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Some 28 homosexual Jamaican nationals who claimed they were being persecuted in their homeland due to their sexual orientation, have gained political asylum in the United States.
Reports suggest that the Gay Jamaicans, along with several other homosexuals from other countries, was assisted by Immigration Equality, which is a network of attorney which who strives to secure asylum for lesbians, gays, bisexuals and transgenders, because they are being persecuted in their country as a result of their sexual orientation, gender identity or HIV-status.
An Immigration Equality spokesperson said:
“By offering them a safe haven, the United States is not only saving their lives, but benefiting from the talent, skills and service these asylees bring to our country. We are proud and honored to help them begin life anew here in their adopted homeland.”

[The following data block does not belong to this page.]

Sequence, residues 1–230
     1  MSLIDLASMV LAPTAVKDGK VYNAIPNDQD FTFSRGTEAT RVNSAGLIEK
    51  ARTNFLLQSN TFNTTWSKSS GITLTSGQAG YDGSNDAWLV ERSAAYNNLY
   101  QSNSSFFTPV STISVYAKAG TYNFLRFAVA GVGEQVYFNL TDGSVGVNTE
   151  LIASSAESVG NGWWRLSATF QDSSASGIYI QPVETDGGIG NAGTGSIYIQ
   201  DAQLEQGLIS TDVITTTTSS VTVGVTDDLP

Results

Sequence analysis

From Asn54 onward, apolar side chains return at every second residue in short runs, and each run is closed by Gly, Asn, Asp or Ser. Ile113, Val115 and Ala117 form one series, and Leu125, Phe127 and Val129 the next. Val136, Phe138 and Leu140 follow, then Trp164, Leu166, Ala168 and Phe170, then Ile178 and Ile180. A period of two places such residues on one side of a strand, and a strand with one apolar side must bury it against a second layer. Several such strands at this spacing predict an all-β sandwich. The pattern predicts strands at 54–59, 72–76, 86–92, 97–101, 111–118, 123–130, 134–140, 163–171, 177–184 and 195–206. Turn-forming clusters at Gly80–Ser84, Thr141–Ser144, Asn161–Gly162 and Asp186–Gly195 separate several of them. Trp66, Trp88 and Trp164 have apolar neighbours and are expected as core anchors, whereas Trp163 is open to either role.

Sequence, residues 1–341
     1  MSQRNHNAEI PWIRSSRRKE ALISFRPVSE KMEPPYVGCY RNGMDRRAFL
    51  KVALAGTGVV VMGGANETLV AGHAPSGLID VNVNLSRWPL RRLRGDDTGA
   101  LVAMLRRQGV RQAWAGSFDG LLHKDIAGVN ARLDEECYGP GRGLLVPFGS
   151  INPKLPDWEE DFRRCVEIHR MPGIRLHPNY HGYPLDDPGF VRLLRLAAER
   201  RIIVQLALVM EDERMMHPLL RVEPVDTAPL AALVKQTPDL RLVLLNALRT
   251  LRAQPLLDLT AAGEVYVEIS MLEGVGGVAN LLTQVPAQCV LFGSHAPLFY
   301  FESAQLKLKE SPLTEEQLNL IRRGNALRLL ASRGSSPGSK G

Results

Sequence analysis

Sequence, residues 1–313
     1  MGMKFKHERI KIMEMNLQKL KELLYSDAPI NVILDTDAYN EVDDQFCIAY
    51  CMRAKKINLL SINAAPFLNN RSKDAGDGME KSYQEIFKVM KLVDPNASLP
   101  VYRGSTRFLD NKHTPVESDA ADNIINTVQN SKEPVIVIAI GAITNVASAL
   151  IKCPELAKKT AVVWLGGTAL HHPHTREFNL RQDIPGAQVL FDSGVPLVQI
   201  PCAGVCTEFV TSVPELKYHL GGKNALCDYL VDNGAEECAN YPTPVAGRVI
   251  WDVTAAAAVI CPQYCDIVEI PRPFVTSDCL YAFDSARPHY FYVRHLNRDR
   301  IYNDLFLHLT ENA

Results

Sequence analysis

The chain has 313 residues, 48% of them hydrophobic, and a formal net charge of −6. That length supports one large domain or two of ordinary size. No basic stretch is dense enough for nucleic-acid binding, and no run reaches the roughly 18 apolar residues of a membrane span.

According to a Washington Post report, of the 92 gays and lesbians who won asylum in 2010 with the help of Immigration Equality, an immigrant gay-rights group, 28 were from Jamaica – meaning that nearly a third were from a single country ranked 138th in world population.
Immigration Equality says they regularly sees asylum seekers from Jamaica and other English speaking Caribbean countries such as St. Lucia and Barbados.
“The Caribbean is the part of the world where we see the highest number of cases,” said Victoria Neilson, legal director at Immigration Equality.